techmac
2973
techmac  

"It is not a currency but we are not sure..."?

No wonder that theft is spreding in the bitcoin net

sebatian
676
sebatian  

:):)

Nearly half a billion dollars has gone missing, and nobody knows how. Some say there was outright theft. Others suspect fraud. Many blame lax controls, poor oversight and, above all, a reckless, globe-spanning, Wild West culture — a culture that everyone agrees is ripe for wholesale reform.

I’m not talking about Bitcoin. I’m talking about Citigroup, which disclosed last week that its Mexican banking unit lost $400 million in a contracting swindle involving a shaky oil services company.

for bitcoin a secure future might require traditional trappings - NYT

thenews
28438
thenews  
thenews
28438
thenews  

Police officers in Newsweek Bitcoin story confirm Nakamoto quote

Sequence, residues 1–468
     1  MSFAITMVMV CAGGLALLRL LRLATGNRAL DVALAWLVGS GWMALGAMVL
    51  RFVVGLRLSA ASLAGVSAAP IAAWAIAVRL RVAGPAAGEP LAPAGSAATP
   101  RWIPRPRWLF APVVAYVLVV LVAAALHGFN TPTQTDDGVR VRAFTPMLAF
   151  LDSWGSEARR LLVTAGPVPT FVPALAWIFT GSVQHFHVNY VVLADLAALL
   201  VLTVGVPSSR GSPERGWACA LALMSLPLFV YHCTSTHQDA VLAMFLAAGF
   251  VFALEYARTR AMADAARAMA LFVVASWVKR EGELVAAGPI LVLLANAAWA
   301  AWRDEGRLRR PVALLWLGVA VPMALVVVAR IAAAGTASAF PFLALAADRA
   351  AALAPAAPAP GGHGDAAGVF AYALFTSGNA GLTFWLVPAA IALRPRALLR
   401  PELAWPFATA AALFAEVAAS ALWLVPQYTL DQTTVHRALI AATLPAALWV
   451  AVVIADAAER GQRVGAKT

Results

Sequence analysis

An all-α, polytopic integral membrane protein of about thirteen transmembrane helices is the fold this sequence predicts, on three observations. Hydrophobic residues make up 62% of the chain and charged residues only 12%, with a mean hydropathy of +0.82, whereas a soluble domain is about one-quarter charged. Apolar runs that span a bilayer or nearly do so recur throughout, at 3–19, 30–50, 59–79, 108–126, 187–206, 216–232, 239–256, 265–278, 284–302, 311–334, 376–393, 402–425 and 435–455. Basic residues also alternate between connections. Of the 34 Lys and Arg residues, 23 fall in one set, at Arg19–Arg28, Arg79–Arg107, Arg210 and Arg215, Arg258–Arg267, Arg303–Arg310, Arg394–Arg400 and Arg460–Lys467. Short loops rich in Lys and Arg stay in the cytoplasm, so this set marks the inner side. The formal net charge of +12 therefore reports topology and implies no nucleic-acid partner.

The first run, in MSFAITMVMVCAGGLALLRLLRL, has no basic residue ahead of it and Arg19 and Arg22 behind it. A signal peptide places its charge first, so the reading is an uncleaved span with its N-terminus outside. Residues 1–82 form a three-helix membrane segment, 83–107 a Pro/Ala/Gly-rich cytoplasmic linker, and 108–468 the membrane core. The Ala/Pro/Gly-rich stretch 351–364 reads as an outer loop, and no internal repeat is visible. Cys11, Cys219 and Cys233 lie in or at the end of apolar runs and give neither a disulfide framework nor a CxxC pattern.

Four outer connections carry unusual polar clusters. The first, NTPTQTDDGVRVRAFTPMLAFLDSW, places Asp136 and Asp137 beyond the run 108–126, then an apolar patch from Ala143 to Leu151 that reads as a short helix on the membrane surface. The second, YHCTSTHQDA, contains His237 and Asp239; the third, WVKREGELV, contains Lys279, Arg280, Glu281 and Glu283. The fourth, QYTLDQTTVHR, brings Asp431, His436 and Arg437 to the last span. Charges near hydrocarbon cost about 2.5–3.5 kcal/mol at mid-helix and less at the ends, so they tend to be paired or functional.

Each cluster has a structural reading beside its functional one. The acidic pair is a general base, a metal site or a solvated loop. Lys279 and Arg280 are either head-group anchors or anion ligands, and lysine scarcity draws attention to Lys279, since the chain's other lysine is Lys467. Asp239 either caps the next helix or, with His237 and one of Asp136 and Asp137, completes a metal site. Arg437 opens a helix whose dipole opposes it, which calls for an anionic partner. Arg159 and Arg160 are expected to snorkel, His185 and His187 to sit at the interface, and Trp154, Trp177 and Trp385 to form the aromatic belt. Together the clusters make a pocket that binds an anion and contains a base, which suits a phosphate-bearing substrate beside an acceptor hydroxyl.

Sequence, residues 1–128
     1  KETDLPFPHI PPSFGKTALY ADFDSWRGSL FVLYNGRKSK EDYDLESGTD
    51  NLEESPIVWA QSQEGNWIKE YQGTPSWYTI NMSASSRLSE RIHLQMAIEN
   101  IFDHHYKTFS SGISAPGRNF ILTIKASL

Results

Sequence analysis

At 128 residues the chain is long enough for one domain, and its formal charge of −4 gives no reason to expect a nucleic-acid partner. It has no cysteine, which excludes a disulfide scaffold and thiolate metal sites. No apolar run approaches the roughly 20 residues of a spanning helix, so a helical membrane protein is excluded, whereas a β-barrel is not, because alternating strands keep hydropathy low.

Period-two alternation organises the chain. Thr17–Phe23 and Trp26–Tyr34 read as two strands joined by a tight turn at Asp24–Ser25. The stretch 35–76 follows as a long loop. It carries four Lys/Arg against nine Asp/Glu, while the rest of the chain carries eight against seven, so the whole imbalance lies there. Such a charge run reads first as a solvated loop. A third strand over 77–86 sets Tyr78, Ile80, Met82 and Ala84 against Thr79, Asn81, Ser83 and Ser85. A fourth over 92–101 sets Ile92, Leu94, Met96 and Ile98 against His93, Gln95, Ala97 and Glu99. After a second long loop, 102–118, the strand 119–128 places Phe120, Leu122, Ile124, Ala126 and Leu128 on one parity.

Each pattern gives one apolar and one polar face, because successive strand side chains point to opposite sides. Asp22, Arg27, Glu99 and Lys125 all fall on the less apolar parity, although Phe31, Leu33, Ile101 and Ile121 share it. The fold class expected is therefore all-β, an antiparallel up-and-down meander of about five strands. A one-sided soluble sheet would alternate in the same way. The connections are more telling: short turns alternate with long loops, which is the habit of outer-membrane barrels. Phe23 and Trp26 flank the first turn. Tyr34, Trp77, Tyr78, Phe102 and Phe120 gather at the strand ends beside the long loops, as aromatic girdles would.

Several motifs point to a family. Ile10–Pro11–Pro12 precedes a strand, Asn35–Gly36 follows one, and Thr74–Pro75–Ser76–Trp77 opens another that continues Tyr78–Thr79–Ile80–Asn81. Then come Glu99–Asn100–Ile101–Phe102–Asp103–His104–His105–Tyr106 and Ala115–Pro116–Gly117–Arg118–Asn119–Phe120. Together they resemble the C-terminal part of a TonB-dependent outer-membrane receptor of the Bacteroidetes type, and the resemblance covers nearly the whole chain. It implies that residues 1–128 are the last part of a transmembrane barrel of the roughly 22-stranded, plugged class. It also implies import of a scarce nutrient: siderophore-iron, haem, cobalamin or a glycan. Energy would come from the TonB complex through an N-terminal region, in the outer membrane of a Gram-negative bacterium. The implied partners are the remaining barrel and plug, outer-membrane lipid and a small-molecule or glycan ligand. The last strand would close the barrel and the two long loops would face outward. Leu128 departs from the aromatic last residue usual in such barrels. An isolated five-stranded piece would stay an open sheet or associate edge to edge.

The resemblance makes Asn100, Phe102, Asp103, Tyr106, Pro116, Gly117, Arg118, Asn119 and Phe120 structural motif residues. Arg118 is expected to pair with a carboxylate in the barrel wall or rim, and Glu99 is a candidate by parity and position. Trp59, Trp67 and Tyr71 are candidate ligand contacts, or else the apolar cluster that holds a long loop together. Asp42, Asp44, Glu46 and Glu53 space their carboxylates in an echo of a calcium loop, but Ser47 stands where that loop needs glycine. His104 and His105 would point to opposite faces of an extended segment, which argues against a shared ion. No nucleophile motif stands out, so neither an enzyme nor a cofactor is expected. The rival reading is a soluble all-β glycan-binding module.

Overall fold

Here's the latest in a bizarre, winding saga sparked Thursday by a Newsweek cover story that alleged it had found the man who created Bitcoin: The police officers present for an important verbal exchange said the account as written by Newsweek reporter Leah McGrath Goodman is accurate.

In her story, Goodman described a scene outside the home of Dorian S. Nakamoto, the man purported to be the founder of Bitcoin, the crypto-currency. Nakamoto had called the police after Goodman came to his door, and the officers were there when he supposedly uttered this key quote: "I am no longer involved in that and I cannot discuss it," he said in the Newsweek story. "It's been turned over to other people. They are in charge of it now. I no longer have any connection."

According to the Sheriff's Department that dispatched the officers, the quote is accurate. "Both sheriff's deputies agreed that the quotes published in the March 6, 2014, Newsweek magazine Bitcoin article that were attributed to the resident and to one of the deputies were accurate," L.A. County Sheriff's Department Captain Mike Parker wrote in a statement.